But Christianity calls us to consider both ourselves and our world.  For Christianity, among other things, is a worldview.  And without understanding Christianity’s anthropological entailments on a macro scale and their insights into how we, knowingly or unknowingly, are shaped by the history, philosophy, and culture to which we are heirs and of which we are a part, we will inevitably have trouble, and ultimately be unsuccessful, in addressing and resolving our own micro concerns.  This is why so much of the language of the Bible is cosmic.  For God’s final promise is not only that He will only fix our personal problems, but that He will redeem our world.  In the words of the apostle John:

Then I saw a new heaven and a new earth, for the first heaven and the first earth had passed away, and there was no longer any sea.  I saw the Holy City, the new Jerusalem, coming down out of heaven from God, prepared as a bride beautifully dressed for her husband.  And I heard a loud voice from the throne saying, “Now the dwelling of God is with men, and he will live with them. They will be his people, and God himself will be with them and be their God.  He will wipe every tear from their eyes. There will be no more death or mourning or crying or pain, for the old order of things has passed away.” He who was seated on the throne said, “I am making everything new!” (Revelation 21:1-5)

Make no mistake about it:  God cares about the micro.  He cares about your tears and your pain and your worries and your regrets.  But He will fix your micro concerns in His macro way: He will make everything new.  So perhaps we should spend a little more time thinking about “everything” that God will make new and a little less time thinking only about our micro concerns.

April 15, 2013 at 5:15 am 1 comment

Hope in the Midst of a Colorado Tragedy

The Century 16 Theatre at which James Holmes opened fire during the movie, “Batman: The Dark Knight Rises.”

When 24 year-old neuroscience Ph.D. candidate dropout James Holmes burst into an Aurora, Colorado theatre at a midnight premier of “Batman:  The Dark Knight Rises” in full tactical gear with a semi-automatic rifle, a shotgun, and a pistol, packing as many as 6,000 rounds, the carnage was nearly instant.  Twelve are dead.  Over fifty are wounded.

Almost immediately, investigators sprung into action, trying to answer the same question they always try to answer after an act of senseless violence like this:  “Why?”  So far, Holmes hasn’t left us much to go on.

One of the things that strikes me about this mass shooting is how utterly elusive Holmes’ motive seems to be.  He has no Facebook page to scour for clues.  He has no Twitter account to review.  He didn’t host a blog.  He wasn’t connected to anyone on LinkedIn.  In an era of ubiquitous social media, investigators have not been able to turn to any of these standard-fare communal clearinghouses for insight into this man’s mind.  His police record has left investigators just as mystified.  One traffic violation in 2011.  That’s it.  No arrests.  No prior investigations.  Nothing that would lead officers to believe this man could or would explode in a rampage of mass murder.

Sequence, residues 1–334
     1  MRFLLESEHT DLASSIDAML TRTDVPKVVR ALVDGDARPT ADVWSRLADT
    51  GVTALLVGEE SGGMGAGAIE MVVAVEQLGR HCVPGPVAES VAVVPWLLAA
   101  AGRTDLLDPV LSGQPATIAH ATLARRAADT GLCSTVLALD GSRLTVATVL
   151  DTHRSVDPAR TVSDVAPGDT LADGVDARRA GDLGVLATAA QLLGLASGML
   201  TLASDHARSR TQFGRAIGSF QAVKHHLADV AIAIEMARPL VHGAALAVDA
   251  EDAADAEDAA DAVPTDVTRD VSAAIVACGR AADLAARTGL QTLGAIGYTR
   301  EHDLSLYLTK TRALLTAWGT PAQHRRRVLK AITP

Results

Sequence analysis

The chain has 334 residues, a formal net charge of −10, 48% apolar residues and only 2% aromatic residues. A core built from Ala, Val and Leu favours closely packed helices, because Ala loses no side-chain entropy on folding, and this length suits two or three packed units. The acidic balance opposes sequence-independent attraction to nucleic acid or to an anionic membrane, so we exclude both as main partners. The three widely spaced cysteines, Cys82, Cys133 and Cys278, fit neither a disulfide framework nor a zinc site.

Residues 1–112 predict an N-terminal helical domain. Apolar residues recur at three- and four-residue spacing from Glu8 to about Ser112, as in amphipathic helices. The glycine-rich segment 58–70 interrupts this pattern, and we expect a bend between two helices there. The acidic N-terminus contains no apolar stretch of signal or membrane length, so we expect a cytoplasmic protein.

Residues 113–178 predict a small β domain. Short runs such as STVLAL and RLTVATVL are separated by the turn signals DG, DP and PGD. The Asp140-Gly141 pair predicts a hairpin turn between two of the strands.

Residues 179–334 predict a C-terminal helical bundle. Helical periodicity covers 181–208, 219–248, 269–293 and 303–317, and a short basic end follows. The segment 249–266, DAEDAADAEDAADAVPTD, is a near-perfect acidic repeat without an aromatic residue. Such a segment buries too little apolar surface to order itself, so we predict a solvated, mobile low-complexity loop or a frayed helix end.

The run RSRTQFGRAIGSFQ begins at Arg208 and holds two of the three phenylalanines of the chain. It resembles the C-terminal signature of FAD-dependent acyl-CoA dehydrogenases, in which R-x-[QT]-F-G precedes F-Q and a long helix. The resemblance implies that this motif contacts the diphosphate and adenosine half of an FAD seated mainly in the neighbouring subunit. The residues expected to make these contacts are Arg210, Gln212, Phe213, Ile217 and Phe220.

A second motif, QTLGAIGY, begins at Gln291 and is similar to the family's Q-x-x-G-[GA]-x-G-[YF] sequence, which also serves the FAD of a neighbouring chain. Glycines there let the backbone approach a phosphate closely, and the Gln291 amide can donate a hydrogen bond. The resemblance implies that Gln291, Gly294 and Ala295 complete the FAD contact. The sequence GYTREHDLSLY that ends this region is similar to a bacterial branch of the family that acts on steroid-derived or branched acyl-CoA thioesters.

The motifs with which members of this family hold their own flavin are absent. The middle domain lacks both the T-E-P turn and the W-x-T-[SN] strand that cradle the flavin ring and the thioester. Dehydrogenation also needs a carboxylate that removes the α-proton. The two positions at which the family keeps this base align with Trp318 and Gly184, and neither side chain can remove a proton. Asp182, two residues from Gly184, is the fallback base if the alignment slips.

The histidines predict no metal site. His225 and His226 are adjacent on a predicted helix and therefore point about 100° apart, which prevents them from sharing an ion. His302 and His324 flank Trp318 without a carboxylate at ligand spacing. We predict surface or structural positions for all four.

The L.A. Times has been hard at work trying to understand Holmes’ motive, interviewing several people who knew him, albeit not very well.  Here is how they describe him:

  • “A generally pleasant guy…James was certainly not someone I would have ever imagined shooting somebody.” – James Goodwin, high school classmate
  • “He was very quiet…He was a nice guy when you did occasionally talk to him.  But he was definitely more introverted.” – Tori Burton, fellow with the National Institutes of Health
  • “A super-nice kid…kinda quiet…really smart…He didn’t seem like a troublemaker at all.  He just seemed like he wanted to get in and out, and go to college.” – Dan Kim, UC San Diego student[1]

The portrait of Holmes, even if not particularly profound, is incredibly consistent.  He was nice.  He was smart.  He was studious.  He was introverted.  And he did what?  He massacred how many?

Jesus says to the religious leaders of His day, “On the outside you appear to people as righteous but on the inside you are full of hypocrisy and wickedness” (Matthew 23:28).  Jesus knew the goodness a person presents on the outside often conflicts with the darkness he harbors on the inside.  And as it was with the religious leaders, so it is with James Holmes.  On the outside, Holmes looked like a bright, promising Ph.D. student.  But on the inside, as we are now learning, he was full of dark aspiration.

The Bible has a word for this conflict between a person’s externally righteous appearance and his internally depraved heart:  hypocrisy.  This is why Jesus begins His diatribe against the religious leaders by saying, “Woe to you, teachers of the law and Pharisees, you hypocrites” (Matthew 23:13)!  In the ancient world, a “hypocrite” was an actor – someone who put on a mask to perform in a play.   Though the actor presented himself as one person on stage, he was, in reality, another person in his day-to-day life.

What is so sad about James Holmes is that, as he burst into that theatre filled with moviegoers, he was not necessarily being hypocritical, at least in a theological sense.  Instead, he was – as the doctrine of human depravity makes all too horrifyingly clear – just being himself.  He was carrying out in a shower of gunfire the sin that, exacerbated by what seems to be an apparent mental illness, had been smoldering in his heart for a long time.  And lest we pontificate on Holmes’ wickedness from a position of self-righteous arrogance, we must remember that the same depraved root of sinfulness that lives in Holmes’ heart lives in every human heart – even in our hearts.  As the prophet Jeremiah soberly says, “The heart is deceitful above all things and beyond cure. Who can understand it” (Jeremiah 17:9)?